BAR HARBOR — Dumbarton Oaks, a large estate in the Georgetown neighborhood of Washington, D.C., was one of landscape designer Beatrix Farrand’s masterpieces. Her design transformed the estate’s 53 acres of rather neglected farm fields into an intricate outdoor landscape including formal gardens, walkways, orchards and a naturalistic park.
Dumbarton Oaks is the focus of the Beatrix Farrand Society’s seventh annual Herbarium Exhibition this summer in the barn at Garland Farm, which opens for the season June 25. The farm, on Bay View Drive near Hadley Point, is the society’s headquarters.
Farrand grew up in a New York and spent summers in Bar Harbor at Reef Point, her family’s estate. She and her husband, Max Farrand, established Reef Point Gardens as a teaching center and library. She developed the Reef Point Herbarium to document the plants at her Bar Harbor home and to educate landscape and gardening students about plant identification and use.
After Max Farrand’s death in 1945 and the fire of 1947, she donated the library and related collections to the University of California and moved to Garland Farm, the family home of her property manager from Reef Point. The remaining 938 of her herbarium vouchers — mounted specimens of plant species accompanied by extensive notes — are now part of the University of California’s herbaria.
Each year, the Society chooses a few examples of herbarium vouchers to feature in an exhibition at Garland Farm, displaying high-resolution images of the original vouchers from the University of California.
The 2020 Herbarium Exhibition celebrates the plants of Dumbarton Oaks. Mildred and Robert Woods Bliss bought the property in 1920 and engaged Beatrix Farrand to design the landscape.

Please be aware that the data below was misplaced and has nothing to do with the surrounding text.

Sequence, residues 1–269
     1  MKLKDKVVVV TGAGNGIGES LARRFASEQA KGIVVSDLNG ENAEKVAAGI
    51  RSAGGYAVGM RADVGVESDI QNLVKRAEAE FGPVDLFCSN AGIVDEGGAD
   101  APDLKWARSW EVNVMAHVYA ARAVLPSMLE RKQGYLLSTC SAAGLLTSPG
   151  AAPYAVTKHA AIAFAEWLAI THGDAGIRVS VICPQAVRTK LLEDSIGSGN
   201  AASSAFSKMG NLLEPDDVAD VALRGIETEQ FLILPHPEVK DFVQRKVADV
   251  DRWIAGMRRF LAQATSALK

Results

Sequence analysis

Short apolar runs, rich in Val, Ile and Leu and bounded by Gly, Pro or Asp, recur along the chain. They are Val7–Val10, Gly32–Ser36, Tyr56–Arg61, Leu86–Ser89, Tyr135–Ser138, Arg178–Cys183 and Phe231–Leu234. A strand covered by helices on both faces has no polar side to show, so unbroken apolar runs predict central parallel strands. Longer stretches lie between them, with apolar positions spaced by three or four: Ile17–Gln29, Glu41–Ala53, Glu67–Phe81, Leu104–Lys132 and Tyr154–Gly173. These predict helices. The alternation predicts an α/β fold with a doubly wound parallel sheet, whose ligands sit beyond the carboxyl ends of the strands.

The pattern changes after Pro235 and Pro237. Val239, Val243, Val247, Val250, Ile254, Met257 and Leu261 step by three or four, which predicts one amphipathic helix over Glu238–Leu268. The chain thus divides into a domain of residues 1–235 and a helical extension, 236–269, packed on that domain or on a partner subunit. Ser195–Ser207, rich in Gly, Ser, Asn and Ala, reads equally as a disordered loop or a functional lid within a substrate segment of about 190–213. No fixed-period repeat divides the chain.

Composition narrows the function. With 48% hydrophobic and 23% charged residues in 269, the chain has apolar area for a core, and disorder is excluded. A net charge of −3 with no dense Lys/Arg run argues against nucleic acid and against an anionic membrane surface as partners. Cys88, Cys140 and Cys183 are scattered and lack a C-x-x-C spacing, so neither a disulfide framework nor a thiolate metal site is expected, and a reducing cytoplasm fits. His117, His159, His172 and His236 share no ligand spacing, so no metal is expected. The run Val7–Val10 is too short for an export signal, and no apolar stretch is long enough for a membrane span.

Mildred Bliss wanted to feature aspects of French, Italian and English gardens, but she also wanted to create a landscape that would be original and unique. She collaborated closely with Farrand from 1921 to 1947 to transform the property into one of the most beautiful landscapes in the country.
“The Dumbarton Oaks landscape is large and intricately composed,” a statement from the society says. “Formal gardens near the house serve as outdoor rooms. A series of descending walled terraces present less formal gardens, leading to walkways through tree plantings and orchards, and finally to a naturalistic park that is now the separate Dumbarton Oaks Park, owned by the National Park Service and under restoration by the Dumbarton Oaks Park Conservancy.
“Farrand skillfully incorporated the existing elevations into her asymmetric design, using plants to connect the various components of the landscape. Her tree and shrub lists for the large landscape are lengthy, but she used surprisingly few types of groundcovers and vines, repeating them from one part of the landscape to the next.”
By the time she started her work at Dumbarton Oaks, Farrand had developed a deep knowledge of many plants from her childhood explorations at Reef Point, her early study at the Arnold Arboretum and extensive travel in the U.S. and Europe, her experimental plantings at Reef Point, and her many large-scale projects as a landscape and garden designer. “This exhibition reveals her love of both native and exotic plants,” the society said, “her appreciation of color, form and texture; and her restraint in selecting plants that fulfill landscape function and provide beauty throughout the year.”
The exhibition is free and open to the public. Open days at Garland Farm are Thursdays from 1-4 p.m. through Sept. 24.
More information about the exhibition and the society’s summer events can be found at beatrixfarrandsociety.org. Check the website before arriving at Garland Farm for up-to-date information about social distancing protocols.